What you cover your house’s exterior with plays an important role in your home’s curb appeal. Homeowners today have a lot of choices when it comes to home coverings, which can make for some tough decisions. Things to be considered include appearance, durability, maintenance, and cost. Many homeowners looking for an attractive and durable option may consider brick, but they would do well to consider fiber cement siding as well.
Brick has a very distinctive look that appeals to many homeowners, but unfortunately this house covering does not have universal appeal. Many people feel that brick is too dark, and while it is possible to find light colored bricks, these take away from the traditional appearance.
Fiber cement siding is lot more versatile. It can come in both shakes and planks, and can be painted in any color, as well as repainted if desired. This gives it more universal appeal, particularly because fiber cement siding is formed in a mold with real wood, giving it a natural wood appearance. This means that fiber cement siding can complement a wider range of different architectural styles, while brick only complements a few.
One of the reasons that many homeowners may consider brick siding is its durability. Brick is naturally insect and moisture resistant in a way that wood siding is not. Unfortunately, while the bricks themselves are usually extremely durable, the mortar that holds the bricks may not always hold up as well. Over time, it may loosen, crumble, crack, or even fall out, requiring the homeowner to “repoint” the bricks, or have them remortered at considerable expense.
Fiber cement siding is also naturally insect and moisture resistant, and can help impede things like wood rot to the house itself. Independent studies have also shown that fiber cement siding can last for longer than most people will own their homes with little to no maintenance. So while some brick homes will require considerable upkeep over the years to keep them in good condition, fiber cement siding requires little more than the occasional cleaning.
While brick homes may look as though they’ve been built from the ground up, brick is usually installed as a veneer over the existing surface of the house, as is fiber cement siding. Even as a veneer, however, brick is heavy and therefore difficult, time consuming, and expensive to install, particularly if done correctly. When brick is being used during a remodel, this can add significant time and money delays to the project as a whole.
Fiber cement siding is much easier and less expensive to install. It goes on as easily as wood siding, and can typically be put up fairly quickly. This makes fiber cement siding a great choice for remodeling, as well as for homes where the exterior needs to be updated within a specific time frame, such as before severe weather becomes an issue.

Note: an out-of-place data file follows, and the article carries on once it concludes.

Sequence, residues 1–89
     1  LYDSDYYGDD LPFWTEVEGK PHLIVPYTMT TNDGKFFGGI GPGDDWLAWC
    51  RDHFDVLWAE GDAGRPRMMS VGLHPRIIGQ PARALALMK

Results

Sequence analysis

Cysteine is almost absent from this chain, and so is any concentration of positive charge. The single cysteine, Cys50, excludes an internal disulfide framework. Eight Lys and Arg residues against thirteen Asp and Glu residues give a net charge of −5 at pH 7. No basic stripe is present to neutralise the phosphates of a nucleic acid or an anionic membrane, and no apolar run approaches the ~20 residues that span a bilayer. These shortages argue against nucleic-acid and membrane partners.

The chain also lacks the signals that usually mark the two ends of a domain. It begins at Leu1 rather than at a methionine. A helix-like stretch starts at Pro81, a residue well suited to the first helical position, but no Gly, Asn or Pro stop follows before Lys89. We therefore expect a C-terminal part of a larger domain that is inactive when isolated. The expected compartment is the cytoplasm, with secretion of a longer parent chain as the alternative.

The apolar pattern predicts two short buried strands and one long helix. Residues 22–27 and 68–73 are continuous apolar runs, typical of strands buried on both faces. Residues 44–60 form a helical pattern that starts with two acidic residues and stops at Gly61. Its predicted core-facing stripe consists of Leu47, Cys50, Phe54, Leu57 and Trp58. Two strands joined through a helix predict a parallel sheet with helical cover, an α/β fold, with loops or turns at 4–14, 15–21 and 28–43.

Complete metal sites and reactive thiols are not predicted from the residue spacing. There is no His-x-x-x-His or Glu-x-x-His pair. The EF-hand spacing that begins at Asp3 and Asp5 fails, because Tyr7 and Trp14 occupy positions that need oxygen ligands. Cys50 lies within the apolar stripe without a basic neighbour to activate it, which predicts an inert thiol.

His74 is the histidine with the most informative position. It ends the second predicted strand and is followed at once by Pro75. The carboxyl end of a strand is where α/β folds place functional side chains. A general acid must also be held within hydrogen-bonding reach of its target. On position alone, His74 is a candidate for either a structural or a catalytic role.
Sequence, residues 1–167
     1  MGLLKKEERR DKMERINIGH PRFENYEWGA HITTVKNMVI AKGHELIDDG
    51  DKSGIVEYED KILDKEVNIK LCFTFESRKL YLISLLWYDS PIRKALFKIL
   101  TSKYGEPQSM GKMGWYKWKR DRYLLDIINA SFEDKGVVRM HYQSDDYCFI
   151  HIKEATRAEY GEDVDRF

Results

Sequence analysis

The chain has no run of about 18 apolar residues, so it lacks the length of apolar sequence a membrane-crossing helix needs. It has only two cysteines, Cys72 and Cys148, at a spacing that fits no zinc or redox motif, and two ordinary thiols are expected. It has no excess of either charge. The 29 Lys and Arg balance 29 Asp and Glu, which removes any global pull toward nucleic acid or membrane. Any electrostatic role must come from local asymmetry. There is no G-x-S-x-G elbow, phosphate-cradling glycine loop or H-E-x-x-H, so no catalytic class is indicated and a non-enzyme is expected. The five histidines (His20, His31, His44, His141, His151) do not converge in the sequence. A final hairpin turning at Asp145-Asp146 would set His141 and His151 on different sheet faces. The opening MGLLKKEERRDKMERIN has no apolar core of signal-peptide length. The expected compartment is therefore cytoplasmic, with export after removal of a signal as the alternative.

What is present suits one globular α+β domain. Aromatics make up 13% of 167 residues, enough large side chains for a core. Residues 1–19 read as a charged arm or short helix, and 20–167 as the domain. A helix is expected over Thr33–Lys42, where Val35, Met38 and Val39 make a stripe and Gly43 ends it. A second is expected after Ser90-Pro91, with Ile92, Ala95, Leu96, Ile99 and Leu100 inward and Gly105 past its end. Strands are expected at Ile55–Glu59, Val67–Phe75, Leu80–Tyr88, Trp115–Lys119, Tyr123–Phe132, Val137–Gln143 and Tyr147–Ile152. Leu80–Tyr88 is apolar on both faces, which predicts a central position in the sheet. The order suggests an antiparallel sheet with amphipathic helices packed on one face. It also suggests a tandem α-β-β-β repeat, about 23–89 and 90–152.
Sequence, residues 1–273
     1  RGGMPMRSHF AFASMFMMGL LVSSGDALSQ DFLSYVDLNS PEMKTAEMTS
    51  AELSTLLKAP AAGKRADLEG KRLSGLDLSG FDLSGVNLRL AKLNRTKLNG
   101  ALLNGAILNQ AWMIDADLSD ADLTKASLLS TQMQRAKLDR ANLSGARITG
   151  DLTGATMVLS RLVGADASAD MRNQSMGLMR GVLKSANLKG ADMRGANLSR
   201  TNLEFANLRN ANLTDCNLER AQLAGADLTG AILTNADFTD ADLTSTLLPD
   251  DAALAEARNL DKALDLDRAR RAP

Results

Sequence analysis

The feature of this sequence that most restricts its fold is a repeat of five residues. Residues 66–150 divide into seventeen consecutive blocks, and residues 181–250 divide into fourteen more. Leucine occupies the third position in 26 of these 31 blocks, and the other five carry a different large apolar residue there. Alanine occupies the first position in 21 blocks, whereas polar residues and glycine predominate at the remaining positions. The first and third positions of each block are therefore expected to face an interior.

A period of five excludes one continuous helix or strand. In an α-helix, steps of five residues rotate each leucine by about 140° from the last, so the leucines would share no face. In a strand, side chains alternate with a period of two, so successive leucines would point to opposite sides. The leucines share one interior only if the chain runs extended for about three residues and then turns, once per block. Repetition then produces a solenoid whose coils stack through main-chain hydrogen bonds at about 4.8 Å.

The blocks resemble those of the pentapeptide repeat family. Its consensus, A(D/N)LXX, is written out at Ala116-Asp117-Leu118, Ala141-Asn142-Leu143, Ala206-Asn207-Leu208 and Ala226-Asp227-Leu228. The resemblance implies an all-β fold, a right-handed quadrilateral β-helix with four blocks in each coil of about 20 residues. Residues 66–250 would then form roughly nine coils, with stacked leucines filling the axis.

On its own, brick is not a good insulator and does require both a water or vapor barrier and foam board insulation behind it. Because foam board is stiff and does not conform to the bricks, any gaps between the insulation and the brick need to be filled with mortar. This can mean that the insulation is not as effective as it could be.
Fiber cement siding also requires insulation behind it, but most types of insulation used with this material are formed to fit snuggly between the house and the siding. The insulation is usually formed in the reverse shape of the siding so there are no gaps between the siding and the insulating material. This makes the siding more durable, your home more energy efficient, and also helps dampen sounds from the exterior, preventing them from entering your home.
Cost is always a factor in what material you ultimately choose to install on your home. Brick veneer siding costs typically range between $7 and $12 a square foot installed. Prices may be affected by things like the insulation, the thickness of the veneer, and the type of installation being done.
Fiber cement siding is a lower cost option that usually costs between $5 and $7 a square foot, with variations including insulation, the brand, and the location where the siding is installed. Depending on the size of your home, this could be a tremendous savings assuming high quality products are used in both cases. Adding in the fact that fiber cement siding is less likely to require additional and protracted installation costs, and you may find that this makes fiber cement the more cost effective solution for your home.
Make the Versatile Choice
While brick is an attractive and durable home covering for some architectural styles, it lacks the versatility and options of fiber cement siding. Homeowners looking for a low-maintenance, easy to install, and attractive siding for their homes, may want to consider fiber cement instead of brick.